The following is a post from contributing writer Mary Prather of Homegrown Learners.
During much of our “off” time this summer I have been thinking about and planning for the upcoming school year.
The down side to immersing myself in homeschool reading (books, blogs, magazines, etc.) is the tendency to try and over schedule for next year. On more than a couple occasions, I have had to take a deep breath and remind myself: “Keep it simple.” and “Less is more.”
How, then, to keep from being overwhelmed with the planning and the myriad of curricular choices?
- Start with the basics. (In our homeschool these are math, writing, and history.) It seems that all other subjects will eventually fall into place. Once my children are in a groove with the basics we can add as needed. The last thing I want is for all of us to be overwhelmed within the first month of being back to school.
- Make a list of classics to be read-aloud in the first semester. So much learning can occur through reading and discussion of great literature. No matter what the circumstances in our homeschool, if we have a substantial read-aloud in progress I always feel that we are accomplishing so much. This year I am consulting Classics For Young Children at A Thomas Jefferson Education for necessary classics.
- Determine what the three most important “investments” (outside of academics) are for each of your children. My oldest child is quite musical. For her, music activities will take priority. My son, on the other hand, loves baseball. This is his priority. Add on top of these commitments our weekly co-op and church activities, and we have our three investments.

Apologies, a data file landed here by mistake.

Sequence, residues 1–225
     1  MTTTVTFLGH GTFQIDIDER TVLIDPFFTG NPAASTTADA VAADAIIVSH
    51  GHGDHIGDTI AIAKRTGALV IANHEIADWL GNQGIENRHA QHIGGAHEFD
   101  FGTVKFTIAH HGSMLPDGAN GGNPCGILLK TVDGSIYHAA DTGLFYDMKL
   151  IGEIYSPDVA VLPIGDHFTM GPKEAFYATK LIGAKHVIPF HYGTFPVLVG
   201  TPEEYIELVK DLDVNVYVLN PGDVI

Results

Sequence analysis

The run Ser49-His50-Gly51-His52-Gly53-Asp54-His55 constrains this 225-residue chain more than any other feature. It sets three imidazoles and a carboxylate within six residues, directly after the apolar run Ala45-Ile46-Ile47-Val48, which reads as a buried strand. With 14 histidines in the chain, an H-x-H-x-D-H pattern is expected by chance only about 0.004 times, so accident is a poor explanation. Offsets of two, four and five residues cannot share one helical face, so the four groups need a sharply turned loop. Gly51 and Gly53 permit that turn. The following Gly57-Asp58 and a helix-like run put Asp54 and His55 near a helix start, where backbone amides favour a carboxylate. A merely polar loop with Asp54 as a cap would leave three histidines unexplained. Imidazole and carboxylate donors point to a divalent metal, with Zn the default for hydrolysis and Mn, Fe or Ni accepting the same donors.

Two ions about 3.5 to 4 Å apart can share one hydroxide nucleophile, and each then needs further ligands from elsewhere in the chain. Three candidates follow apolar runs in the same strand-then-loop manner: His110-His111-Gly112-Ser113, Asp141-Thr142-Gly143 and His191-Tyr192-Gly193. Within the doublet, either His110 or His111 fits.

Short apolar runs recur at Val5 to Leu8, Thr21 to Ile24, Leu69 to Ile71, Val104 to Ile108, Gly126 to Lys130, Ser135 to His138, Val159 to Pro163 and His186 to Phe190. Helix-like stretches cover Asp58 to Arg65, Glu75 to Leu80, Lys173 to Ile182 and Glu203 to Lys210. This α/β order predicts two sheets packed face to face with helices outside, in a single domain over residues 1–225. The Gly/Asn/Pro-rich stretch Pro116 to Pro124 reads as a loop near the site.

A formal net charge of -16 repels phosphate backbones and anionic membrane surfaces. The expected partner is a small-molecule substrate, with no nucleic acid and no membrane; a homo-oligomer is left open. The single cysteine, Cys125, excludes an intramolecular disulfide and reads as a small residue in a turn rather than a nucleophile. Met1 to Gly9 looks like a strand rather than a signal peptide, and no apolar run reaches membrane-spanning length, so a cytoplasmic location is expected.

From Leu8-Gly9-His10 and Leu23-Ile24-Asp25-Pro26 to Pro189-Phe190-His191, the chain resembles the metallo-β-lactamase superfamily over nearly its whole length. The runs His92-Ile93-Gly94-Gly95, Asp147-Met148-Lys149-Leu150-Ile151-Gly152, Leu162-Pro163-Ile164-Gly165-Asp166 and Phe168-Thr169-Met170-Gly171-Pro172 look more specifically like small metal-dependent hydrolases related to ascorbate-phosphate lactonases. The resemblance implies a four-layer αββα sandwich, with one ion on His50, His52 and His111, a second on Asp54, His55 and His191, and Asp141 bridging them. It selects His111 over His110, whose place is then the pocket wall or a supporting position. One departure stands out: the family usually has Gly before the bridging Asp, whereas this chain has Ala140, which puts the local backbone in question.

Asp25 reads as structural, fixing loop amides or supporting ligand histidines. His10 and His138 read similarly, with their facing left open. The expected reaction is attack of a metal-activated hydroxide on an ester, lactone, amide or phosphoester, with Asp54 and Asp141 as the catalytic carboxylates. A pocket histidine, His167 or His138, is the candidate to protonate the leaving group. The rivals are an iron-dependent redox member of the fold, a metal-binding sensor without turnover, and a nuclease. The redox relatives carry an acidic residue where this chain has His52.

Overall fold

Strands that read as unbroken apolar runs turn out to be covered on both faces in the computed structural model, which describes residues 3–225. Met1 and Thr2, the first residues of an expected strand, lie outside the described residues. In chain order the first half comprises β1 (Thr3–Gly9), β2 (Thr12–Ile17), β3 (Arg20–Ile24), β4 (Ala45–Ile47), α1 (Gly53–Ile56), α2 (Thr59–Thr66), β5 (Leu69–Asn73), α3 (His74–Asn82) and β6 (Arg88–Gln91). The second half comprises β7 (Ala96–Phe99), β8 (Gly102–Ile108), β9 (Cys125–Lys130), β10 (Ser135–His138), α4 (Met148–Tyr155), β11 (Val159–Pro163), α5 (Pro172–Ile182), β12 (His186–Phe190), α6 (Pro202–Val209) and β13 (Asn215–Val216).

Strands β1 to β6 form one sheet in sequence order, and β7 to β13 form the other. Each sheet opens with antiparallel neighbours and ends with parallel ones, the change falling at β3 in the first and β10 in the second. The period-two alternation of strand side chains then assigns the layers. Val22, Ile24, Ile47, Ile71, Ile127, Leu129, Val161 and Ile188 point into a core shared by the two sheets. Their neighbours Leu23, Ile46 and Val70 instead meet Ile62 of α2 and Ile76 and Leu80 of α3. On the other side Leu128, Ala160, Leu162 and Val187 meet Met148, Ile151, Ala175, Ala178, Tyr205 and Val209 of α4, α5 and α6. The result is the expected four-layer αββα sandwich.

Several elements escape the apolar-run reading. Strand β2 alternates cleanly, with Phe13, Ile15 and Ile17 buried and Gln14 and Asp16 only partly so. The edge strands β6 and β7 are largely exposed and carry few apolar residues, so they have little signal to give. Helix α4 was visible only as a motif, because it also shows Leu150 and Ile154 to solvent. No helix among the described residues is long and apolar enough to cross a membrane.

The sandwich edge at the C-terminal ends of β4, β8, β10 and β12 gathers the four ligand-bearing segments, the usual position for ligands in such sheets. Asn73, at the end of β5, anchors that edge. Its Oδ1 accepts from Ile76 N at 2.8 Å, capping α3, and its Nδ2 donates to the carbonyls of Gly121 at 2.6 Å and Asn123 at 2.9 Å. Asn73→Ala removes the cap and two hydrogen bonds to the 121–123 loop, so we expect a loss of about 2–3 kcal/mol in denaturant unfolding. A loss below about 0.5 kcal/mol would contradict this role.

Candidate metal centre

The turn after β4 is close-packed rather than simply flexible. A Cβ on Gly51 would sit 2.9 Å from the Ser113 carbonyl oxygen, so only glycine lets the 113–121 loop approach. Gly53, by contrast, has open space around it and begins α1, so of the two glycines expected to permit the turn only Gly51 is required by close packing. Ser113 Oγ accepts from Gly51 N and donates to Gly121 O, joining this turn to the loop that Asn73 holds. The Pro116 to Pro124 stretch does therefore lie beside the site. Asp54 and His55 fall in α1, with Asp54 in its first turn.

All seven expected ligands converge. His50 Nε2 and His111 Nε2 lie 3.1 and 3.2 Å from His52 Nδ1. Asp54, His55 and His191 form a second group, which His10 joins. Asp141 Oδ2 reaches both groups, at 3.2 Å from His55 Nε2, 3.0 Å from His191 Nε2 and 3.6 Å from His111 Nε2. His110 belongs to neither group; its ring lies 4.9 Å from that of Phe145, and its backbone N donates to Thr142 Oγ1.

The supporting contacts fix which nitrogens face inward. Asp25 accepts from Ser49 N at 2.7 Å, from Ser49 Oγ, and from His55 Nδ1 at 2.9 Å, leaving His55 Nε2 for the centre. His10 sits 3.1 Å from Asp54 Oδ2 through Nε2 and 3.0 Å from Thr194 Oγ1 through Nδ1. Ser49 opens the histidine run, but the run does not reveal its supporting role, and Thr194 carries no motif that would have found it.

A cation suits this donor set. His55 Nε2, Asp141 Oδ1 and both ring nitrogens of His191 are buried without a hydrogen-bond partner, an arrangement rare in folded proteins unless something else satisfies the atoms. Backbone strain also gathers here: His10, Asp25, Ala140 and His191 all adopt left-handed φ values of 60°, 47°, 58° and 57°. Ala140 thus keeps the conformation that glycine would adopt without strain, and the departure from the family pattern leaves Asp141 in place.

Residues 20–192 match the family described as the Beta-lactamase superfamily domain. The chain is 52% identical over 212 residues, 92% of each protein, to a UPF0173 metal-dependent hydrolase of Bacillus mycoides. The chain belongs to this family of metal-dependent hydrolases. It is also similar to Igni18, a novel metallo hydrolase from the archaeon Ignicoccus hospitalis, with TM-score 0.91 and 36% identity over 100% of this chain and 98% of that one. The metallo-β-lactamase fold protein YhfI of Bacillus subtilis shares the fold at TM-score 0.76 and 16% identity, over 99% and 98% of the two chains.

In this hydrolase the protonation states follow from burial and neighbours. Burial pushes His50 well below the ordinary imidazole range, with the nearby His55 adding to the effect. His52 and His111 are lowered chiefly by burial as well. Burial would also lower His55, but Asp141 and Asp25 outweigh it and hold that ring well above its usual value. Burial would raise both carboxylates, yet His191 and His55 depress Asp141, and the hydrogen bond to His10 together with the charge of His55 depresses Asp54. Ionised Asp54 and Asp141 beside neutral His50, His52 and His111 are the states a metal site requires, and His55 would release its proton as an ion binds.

- Consult with your children! What do my children want to learn about this year? How do they feel about their extracurricular activities? I’ve already conferenced with my oldest child and helped her start using The Well Planned Day for Students to help her keep track of commitments and stay organized.
- Be cautious about reading too many of those great “Back to School” blog posts! Here I am writing for a blog and then telling you not to read too many of them. I have a few blogs that I know adhere to my philosophy of homeschooling. I need to keep my blog reading simple so as not to confuse myself (or compare myself) to other homeschooling moms. Be confident in what works for your children and stick with it. Don’t let the latest fads or curriculum reviews sway you too easily!
- Finally, write down your plan for each child. I love all of Donna Young’s printables and planning advice. I always put my plans in pencil or on the computer so they can be easily changed. I don’t want to feel that we are locked into ANYTHING in our homeschool plans. We homeschool so we can be flexible and adjust to each child’s needs!
This post was originally published in July 2012 on The Homeschool Classroom.
Mary is a former public school music educator and piano teacher with a masters degree in Educational Leadership and Supervision. She is now a homeschooling mom of two. She seeks to learn and share about all things education! Visit her at Homegrown Learners.
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